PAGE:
Many caffeine-deprived campers have asked why oh why it seems to take more time to brew a good cup of joe up in the mountains. It’s not just you. Turns out, there’s a perfectly reasonable scientific explanation for this—but don’t call it “reasonable” in front of those poor, caffeine-deprived souls. Here’s exactly what happens to the boiling point of water when air pressure decreases, like when you’re camping in the mountains, and how this affects your ability to cook food.
What Happens to Water’s Boiling Point at High Altitudes?
As you head up the winding mountain road to your campsite, the air pressure decreases. As air pressure decreases, so does the boiling point of water. At sea level, water boils at 212 degrees Fahrenheit (100 degrees Celsius). Smart people at Purdue say water boils when the vapor pressure of a liquid equals the pressure of the gas above it, causing bubbles of gas to form within the liquid. The bubbles then rise to the surface and pop, releasing the gas that was trapped inside.
At high altitudes, the temperature at which the vapor pressure of a liquid equals the pressure of the gas above it is less than 212 degrees Fahrenheit.
Specifically, with each 500-foot increase in elevation, the boiling point of water lowers by about 1 degree Fahrenheit. So, for example, at 7,500 feet, water would start boiling when it reaches about 198 degrees Fahrenheit.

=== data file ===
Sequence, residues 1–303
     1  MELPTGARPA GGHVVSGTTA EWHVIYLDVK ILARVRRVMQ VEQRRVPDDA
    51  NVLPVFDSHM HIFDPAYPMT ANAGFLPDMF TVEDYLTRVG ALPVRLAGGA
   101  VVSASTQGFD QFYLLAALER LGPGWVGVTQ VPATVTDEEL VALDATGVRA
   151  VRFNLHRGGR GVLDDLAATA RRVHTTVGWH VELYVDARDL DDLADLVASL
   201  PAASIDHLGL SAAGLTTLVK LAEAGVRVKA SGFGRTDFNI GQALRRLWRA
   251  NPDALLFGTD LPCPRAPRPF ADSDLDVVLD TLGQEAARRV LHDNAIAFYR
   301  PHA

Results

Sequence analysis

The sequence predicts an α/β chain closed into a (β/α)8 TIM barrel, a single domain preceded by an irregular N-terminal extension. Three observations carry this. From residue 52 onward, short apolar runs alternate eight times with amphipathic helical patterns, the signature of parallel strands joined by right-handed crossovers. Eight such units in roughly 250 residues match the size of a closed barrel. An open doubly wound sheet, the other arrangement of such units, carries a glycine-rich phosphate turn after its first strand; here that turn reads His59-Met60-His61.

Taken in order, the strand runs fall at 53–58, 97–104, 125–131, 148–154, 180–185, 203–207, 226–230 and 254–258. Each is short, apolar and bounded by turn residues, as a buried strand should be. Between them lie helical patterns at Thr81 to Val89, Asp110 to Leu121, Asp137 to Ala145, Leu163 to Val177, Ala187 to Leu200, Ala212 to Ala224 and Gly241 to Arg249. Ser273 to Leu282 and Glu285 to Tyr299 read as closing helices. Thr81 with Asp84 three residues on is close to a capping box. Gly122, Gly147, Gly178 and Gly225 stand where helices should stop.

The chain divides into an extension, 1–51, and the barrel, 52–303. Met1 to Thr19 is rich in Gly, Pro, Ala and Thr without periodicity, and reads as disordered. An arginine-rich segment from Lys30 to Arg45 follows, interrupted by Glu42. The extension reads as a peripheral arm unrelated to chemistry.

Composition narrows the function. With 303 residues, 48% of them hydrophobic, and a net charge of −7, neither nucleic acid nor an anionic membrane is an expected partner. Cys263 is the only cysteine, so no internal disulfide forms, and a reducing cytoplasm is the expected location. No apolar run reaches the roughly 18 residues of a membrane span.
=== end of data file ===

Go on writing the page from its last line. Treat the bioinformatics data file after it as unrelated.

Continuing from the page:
How Altitude Affects Cooking Times
If you’re relying on boiling water to cook your food (or brew your beverage), you’ll need to increase the cooking/brewing time to compensate for the lower water temperature. Note that turning up the heat on your stove will not increase the temperature of a boiling liquid or make food cook faster, because a liquid can’t exceed its own boiling point.
Plan for this increased cooking time, so you don’t end up with hangry campers.
Using a food thermometer is essential to make sure your food has reached a safe internal temperature. The U.S. Department of Agriculture (USDA) provides a guide for recommended internal temperatures of food here.
The length of time it’ll take to cook your food while camping in the mountains will depend on exactly how high up in the mountains you are. For instance, the USDA says at 5,000 feet, meats and poultry cooked by moist heat can take up to one-fourth more cooking time.
As with everything in outdoor adventuring, you’re going to need to prepare ahead of time (bring a food thermometer and make yourself a cheat sheet of safe internal food temperatures) and then rely on trial and error at the campsite to get it right.
If you find your coffee’s still a little weak even after tweaking brew time several mornings in a row, at least you have a splendid mountain view to chase it down with.